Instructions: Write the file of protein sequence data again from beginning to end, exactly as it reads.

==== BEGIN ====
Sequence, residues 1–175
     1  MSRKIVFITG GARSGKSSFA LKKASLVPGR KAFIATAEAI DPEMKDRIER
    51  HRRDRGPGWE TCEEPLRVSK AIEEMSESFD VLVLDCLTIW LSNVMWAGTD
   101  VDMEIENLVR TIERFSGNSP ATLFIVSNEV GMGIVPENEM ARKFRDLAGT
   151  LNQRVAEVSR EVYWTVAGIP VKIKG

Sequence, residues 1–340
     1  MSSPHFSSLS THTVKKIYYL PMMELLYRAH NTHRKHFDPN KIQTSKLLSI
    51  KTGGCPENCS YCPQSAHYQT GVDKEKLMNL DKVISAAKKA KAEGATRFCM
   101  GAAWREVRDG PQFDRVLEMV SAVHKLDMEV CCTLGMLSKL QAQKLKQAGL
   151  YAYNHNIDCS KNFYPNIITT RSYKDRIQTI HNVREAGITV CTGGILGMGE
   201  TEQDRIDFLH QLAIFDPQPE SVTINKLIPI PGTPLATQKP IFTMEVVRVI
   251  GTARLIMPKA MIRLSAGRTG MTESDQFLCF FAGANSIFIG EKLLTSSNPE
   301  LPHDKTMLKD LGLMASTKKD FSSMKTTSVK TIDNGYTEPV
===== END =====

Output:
Sequence, residues 1–175
     1  MSRKIVFITG GARSGKSSFA LKKASLVPGR KAFIATAEAI DPEMKDRIER
    51  HRRDRGPGWE TCEEPLRVSK AIEEMSESFD VLVLDCLTIW LSNVMWAGTD
   101  VDMEIENLVR TIERFSGNSP ATLFIVSNEV GMGIVPENEM ARKFRDLAGT
   151  LNQRVAEVSR EVYWTVAGIP VKIKG

Sequence, residues 1–340
     1  MSSPHFSSLS THTVKKIYYL PMMELLYRAH NTHRKHFDPN KIQTSKLLSI
    51  KTGGCPENCS YCPQSAHYQT GVDKEKLMNL DKVISAAKKA KAEGATRFCM
   101  GAAWREVRDG PQFDRVLEMV SAVHKLDMEV CCTLGMLSKL QAQKLKQAGL
   151  YAYNHNIDCS KNFYPNIITT RSYKDRIQTI HNVREAGITV CTGGILGMGE
   201  TEQDRIDFLH QLAIFDPQPE SVTINKLIPI PGTPLATQKP IFTMEVVRVI
   251  GTARLIMPKA MIRLSAGRTG MTESDQFLCF FAGANSIFIG EKLLTSSNPE
   301  LPHDKTMLKD LGLMASTKKD FSSMKTTSVK TIDNGYTEPV